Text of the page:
Research on Skin Caner

M.D. Anderson Cancer Center, Houston, Texas – A 1994 study using mice raised questions about whether sunscreens can protect against melanoma. At the same time, researchers asked what it is about sun exposure that increases the chances that people will get melanoma and reexamined the strategies for protection. The study found that sunscreens protected the mice from sunburn, but had no effect against melanoma. The doctors caution the public to not directly apply their findings to humans – after all this has only been tested on animals. It does however, lead them to reexamine what sunlight is actually doing. The same study also showed that mice injected with melanoma and then exposed to ultraviolet light showed an increased growth in their melanoma cells. Researchers also found that ultraviolet light suppresses the immune system.

Thomas Jefferson University, Philadelphia, Pennsylvania – Researchers using diseased cells of melanoma patients developed a vaccine they say reduces the recurrence of melanoma. Patients were treated with a vaccine made from their own cancer cells and another chemical to stimulate the immune system. After three years, 70 percent of those vaccinated remained cancer-free, compared with 20 percent in patients treated with surgery alone. Researchers expect the vaccine could be available to high-risk melanoma patients by 1999.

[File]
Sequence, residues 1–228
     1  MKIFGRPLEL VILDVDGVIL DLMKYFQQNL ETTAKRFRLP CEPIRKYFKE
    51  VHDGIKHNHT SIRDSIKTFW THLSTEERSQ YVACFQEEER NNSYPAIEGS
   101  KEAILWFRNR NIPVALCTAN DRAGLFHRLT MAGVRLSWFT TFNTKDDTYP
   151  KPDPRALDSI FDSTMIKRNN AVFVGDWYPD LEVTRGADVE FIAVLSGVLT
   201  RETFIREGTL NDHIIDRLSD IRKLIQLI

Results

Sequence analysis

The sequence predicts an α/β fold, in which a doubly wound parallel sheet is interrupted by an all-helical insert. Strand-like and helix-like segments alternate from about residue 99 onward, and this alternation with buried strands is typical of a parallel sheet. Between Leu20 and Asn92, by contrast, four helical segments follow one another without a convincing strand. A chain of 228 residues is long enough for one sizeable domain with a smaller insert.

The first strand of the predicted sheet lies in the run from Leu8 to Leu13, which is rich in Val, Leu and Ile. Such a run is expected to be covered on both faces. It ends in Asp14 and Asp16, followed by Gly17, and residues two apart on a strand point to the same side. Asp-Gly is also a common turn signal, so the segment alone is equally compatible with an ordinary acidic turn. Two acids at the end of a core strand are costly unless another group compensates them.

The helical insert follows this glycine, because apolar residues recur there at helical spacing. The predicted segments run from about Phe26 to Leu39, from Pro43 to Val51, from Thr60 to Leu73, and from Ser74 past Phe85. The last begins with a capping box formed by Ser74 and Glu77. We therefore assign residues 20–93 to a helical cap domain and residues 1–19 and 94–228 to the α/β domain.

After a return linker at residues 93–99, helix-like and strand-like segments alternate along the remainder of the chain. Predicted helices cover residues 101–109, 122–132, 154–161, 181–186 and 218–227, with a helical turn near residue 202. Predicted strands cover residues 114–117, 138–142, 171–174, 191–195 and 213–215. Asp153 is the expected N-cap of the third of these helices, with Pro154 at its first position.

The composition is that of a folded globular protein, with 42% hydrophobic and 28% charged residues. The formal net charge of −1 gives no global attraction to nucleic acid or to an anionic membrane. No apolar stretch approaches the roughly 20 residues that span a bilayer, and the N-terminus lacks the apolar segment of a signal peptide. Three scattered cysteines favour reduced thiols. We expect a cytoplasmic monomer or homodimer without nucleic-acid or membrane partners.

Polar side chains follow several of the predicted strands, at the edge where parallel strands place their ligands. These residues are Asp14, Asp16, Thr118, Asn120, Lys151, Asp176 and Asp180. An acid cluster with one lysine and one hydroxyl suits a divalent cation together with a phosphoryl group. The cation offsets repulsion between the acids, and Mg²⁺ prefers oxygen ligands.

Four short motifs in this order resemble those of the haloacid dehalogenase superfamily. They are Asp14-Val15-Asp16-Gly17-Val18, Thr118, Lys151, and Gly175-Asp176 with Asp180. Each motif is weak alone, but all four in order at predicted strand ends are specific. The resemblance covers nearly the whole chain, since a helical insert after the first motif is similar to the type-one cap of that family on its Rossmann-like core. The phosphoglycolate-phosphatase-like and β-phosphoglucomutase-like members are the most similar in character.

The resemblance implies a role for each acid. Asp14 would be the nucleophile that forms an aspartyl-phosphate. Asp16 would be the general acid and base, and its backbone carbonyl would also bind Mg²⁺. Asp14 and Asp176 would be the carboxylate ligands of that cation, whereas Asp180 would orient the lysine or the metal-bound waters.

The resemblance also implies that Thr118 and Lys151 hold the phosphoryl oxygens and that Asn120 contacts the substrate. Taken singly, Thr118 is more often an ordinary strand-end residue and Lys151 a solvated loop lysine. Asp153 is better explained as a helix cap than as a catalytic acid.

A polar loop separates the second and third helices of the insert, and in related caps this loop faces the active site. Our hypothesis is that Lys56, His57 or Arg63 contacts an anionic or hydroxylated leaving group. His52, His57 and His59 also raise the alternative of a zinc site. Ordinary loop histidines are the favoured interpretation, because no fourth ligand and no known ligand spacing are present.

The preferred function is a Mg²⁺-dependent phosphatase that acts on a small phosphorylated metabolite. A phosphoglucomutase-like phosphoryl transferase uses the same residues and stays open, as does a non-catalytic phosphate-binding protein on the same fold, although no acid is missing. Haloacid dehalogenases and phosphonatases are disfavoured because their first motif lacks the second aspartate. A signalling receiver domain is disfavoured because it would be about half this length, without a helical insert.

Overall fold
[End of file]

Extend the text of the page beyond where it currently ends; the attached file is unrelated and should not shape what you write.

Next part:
John Wayne Cancer Institute, Santa Monica, California – Researchers have found that people with malignant melanoma or other potentially fatal skin cancers experience many exhausting feelings that may erode their will to survive. Dr. Nancy Fawzy organizes groups to help patients keep up their spirits and avoid depression. The patients are educated about their disease, develop stress management methods and set goals for themselves.

Australian Institute of Health and Welfare, Brisbane, Australia – Bruce Armstrong, director of the institute, says exposure to sun and not sunburn itself is the key factor in contracting skin cancer. His research shows that accrued exposure to the sun was the main cause of melanoma. He says sunburn merely identifies someone who has a high risk pattern of exposure. Nevertheless somebody who worked outside and developed pigmentation protection through suntanning had a lower cancer risk than somebody who intermittently sunbathed.

Southern Swedish Regional Tumour Registry, Lund, Sweden – Studies have found that tanning lamps and sunbeds increase the risk of developing melanoma. In a 1993 study of more than 1,000 people, those who used sunbeds or sunlamps one to three times a year had twice the risk of developing melanoma than those who never used the machines. Individuals under the age of 30 who used the devices more than 10 times a year, had over eight times the risk of melanoma than nonusers. Previous studies have also shown that tanning machine users have a higher risk of non-melanoma cancers as well.


Conquering Cancer: An Invitation to Hope, by Paul Johnson, M.D., helps people cope with cancer and understand everything they will go through in the process of their treatments. Dr. Johnson is a cancer survivor.

Why You Should Know About Melanoma, a pamphlet published by the American Cancer Society and the American Academy of Dermatology. It includes definitions and examples of melanomas, who is likely to get melanoma and provides pictures to show what melanoma is.

The Numbers Don’t Lie

Melanoma of skin

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1994, Melanoma of skin
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